Coleman: I’m not sure I would agree with the “combo guard” description as much as some others do. I don’t think Pelicans fans can expect to get a ton of minutes out of Alexander-Walker at the point guard position. It’s not his natural position. In fact, he had to play point guard for 11 games this past season when Justin Robinson went down with a foot injury, and the offense didn’t run nearly as smoothly.
Not all of that is Alexander-Walker’s fault, as Robinson could be an NBA-caliber point guard (he signed with the Wizards), but I still don’t view him as a guy who should see many minutes in the NBA as a point guard. He’s a good passer, and he’s got a good handle… for a shooting guard. However, he’s much better suited for a shooting guard role on the offensive end, in my opinion.
It might be a different story on the defensive end. He’s still a little bit slight of build, and he could get outmuscled by some of the NBA’s bigger, stronger 2-guards. However, he has the length to create some problems for NBA point guards, in my opinion.
Pelicans.com: What areas do you think he has the most room to make strides, or aspects of his game he may need to improve or adjust as he transitions to NBA competition?
Coleman: Though he added muscle mass and improved his strength from his freshman year to his sophomore season, he still needs to continue to fill out and get stronger. Many NBA players will present problems for him, and he’ll face a certain level of strength that he didn’t face in college.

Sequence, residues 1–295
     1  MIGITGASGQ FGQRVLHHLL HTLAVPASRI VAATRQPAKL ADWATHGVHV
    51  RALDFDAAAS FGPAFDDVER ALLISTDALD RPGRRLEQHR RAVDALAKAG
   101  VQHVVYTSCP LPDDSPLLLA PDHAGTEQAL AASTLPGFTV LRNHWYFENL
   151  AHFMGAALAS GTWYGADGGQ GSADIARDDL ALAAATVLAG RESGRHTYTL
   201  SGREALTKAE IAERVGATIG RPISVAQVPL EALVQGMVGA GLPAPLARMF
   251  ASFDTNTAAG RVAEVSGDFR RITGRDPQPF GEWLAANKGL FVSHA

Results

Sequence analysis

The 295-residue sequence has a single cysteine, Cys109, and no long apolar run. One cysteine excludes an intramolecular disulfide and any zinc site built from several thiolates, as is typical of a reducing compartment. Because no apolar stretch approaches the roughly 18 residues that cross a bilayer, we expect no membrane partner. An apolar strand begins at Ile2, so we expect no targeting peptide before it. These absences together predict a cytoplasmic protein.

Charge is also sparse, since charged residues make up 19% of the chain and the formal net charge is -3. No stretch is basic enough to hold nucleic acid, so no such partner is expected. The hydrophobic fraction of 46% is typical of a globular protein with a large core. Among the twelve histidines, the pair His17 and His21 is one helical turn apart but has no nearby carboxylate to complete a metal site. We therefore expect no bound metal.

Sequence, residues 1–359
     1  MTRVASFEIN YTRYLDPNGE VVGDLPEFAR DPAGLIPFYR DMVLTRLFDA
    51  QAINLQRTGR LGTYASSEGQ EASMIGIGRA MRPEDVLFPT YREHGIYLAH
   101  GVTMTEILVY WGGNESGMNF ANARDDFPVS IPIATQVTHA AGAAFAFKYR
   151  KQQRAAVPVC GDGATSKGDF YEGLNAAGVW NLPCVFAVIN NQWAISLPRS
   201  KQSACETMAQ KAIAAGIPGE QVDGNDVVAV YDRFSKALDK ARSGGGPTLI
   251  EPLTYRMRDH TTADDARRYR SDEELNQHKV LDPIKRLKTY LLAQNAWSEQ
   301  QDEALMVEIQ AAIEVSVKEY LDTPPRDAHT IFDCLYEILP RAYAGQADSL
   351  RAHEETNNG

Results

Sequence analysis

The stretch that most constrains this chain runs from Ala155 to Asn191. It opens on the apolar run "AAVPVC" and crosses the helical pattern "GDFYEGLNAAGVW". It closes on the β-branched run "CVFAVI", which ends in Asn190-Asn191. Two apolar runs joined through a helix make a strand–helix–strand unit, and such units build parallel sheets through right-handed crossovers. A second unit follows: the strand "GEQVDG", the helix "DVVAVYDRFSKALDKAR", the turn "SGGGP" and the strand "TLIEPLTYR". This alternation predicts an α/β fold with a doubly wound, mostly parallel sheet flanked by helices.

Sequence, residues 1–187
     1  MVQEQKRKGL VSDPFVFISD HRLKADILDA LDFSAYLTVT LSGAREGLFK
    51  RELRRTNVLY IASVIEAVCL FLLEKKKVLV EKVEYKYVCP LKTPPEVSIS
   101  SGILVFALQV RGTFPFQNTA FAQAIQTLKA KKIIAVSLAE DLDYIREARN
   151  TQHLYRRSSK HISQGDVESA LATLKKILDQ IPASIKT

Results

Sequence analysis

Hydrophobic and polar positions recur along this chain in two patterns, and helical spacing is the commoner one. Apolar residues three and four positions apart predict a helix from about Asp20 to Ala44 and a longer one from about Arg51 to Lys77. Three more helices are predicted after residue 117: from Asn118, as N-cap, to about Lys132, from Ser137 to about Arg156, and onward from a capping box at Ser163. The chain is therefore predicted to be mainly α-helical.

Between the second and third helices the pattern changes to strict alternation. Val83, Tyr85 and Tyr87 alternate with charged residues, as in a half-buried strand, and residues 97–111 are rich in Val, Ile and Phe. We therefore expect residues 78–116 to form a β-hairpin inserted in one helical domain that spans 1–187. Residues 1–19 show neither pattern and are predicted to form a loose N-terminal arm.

From a pure skills standpoint, Alexander-Walker is a very good player, but he needs to continue to work on developing his right hand. He’s the rare right-handed shooter who is stronger with his left hand when he’s going to the basket. If he can develop his right hand, I don’t see any reason why he can’t develop into a consistent offensive performer at the NBA level.
Pelicans.com: Based on his draft-night interviews and interaction with the New Orleans media, he seems to be a very mature and poised individual, despite only being 20. How would you describe his personality off the court?
Coleman: That’s not a perception. It’s reality. I met with an NBA scout back before the season to answer some questions about the team, and one of the things he said about Alexander-Walker was “he’s really smart.” I read a lot of scouting reports leading up to the draft, and I was disappointed to find that all of them focused on his physical ability, and none of them bothered to discuss two of his most important traits: his intelligence and maturity.
Obviously, each NBA player must possess a certain amount of talent and athleticism, but Alexander-Walker has a good feel for the game, and he’ll be the type of player that is easy to coach. He won’t show up late to workouts, he won’t cause trouble off the court or in the locker room, and there will be no distractions.
Alexander-Walker takes his profession very seriously, and his intelligence, maturity and work ethic will help him become a better basketball player than his physical ability alone would allow.
Pelicans.com: What's one thing even diehard Virginia Tech basketball fans may not know about Alexander-Walker?
Coleman: Alexander-Walker was a multi-sport athlete before enrolling at Virginia Tech, also playing baseball, hockey and soccer. He’s a Canadian kid who has lived in Toronto, Chattanooga, Blacksburg, Va., and perhaps a couple of other places. He’s as well-rounded a person as a 20-year old can be.